Microbiological methods are used worldwide, further demonstrating its ubiquity. Of the products that we work with, many of which are manufactured in a cleanroom. Cleanrooms require additional microbial testing to ensure that ISO and other regulatory requirements are met. Applicable cleanroom standards include: 

  • ISO 14968-1:2003 Cleanrooms and associated controlled environments – Biocontamination control – Part 1: General principles and methods 

  • ISO 14968-2:2003 Cleanrooms and associated controlled environments – Biocontamination control – Part 2: Evaluation and interpretation of biocontamination data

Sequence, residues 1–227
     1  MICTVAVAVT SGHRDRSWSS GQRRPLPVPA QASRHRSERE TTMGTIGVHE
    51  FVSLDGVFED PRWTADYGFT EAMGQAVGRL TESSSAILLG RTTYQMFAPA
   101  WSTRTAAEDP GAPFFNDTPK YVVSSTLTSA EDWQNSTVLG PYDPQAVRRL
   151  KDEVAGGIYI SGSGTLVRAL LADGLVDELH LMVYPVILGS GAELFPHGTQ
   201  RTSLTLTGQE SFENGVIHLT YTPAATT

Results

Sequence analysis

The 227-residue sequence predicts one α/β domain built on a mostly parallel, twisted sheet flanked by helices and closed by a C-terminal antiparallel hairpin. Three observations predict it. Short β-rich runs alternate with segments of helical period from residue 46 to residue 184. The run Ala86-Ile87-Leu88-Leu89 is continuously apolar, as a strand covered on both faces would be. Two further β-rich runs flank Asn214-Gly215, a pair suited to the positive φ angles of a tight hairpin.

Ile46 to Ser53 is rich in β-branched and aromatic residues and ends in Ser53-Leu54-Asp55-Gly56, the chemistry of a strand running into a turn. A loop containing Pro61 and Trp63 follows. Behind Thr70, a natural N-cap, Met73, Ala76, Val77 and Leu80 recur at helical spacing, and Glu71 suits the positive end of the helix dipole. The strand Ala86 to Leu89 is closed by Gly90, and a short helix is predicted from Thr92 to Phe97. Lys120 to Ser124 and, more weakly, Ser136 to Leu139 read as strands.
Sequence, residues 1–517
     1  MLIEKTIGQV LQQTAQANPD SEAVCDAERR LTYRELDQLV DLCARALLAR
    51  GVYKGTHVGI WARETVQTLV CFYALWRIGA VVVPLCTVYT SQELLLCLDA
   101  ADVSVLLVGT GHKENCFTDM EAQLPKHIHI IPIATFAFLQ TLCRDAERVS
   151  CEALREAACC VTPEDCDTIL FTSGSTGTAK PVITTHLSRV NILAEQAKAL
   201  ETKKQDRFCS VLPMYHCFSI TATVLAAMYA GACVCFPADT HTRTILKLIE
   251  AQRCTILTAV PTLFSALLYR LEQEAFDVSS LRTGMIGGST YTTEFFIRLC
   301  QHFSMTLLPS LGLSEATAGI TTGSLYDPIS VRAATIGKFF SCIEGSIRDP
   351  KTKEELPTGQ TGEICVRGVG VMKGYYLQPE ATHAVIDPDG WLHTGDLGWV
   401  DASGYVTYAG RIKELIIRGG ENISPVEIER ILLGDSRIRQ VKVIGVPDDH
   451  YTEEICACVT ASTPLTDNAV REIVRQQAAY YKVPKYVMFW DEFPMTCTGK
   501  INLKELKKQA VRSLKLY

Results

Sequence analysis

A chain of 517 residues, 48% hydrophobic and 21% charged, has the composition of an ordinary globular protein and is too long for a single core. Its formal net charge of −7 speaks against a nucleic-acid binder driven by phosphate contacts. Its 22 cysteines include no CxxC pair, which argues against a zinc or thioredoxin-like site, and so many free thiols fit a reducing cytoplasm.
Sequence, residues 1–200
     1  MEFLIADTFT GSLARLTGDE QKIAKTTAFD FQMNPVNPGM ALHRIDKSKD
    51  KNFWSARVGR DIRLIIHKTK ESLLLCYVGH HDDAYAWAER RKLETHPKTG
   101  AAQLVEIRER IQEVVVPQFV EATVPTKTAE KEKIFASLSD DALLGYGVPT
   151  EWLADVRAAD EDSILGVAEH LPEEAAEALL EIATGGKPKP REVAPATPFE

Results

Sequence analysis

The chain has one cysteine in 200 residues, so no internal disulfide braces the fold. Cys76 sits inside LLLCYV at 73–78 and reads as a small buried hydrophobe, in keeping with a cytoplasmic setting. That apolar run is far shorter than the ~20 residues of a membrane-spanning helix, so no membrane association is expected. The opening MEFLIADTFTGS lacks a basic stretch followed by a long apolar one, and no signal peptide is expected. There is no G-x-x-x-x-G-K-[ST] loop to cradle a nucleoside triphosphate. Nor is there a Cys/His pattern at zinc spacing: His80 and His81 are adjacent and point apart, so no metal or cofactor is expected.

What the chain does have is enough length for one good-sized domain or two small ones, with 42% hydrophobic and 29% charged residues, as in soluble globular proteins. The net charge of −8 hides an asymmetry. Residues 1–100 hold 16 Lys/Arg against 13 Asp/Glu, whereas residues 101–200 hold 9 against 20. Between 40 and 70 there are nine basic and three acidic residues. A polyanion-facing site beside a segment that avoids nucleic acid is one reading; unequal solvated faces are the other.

• USP Chapter 1116: Microbial Control and Monitoring of Aseptic Processing Environments 

Standards not applicable to cleanrooms, but applicable to the sterilization of products include: 

  • ISO 11737-1:2018 Sterilization of health care products — Microbiological methods — Part 1: Determination of a population of microorganisms on products 

  • ISO 11737-2:2019 Sterilization of health care products — Microbiological methods — Part 2: Tests of sterility performed in the definition, validation and maintenance of a sterilization process 

  • ISO 11137-1:2006 Sterilization of health care products — Radiation — Part 1: Requirements for development, validation and routine control of a sterilization process for medical devices 

  • ISO 11137-2:2012 Sterilization of health care products — Radiation — Part 2: Establishing the sterilization dose 

  • ISO 11137-3:2017 Sterilization of health care products — Radiation — Part 3: Guidance on dosimetric aspects of development, validation and routine control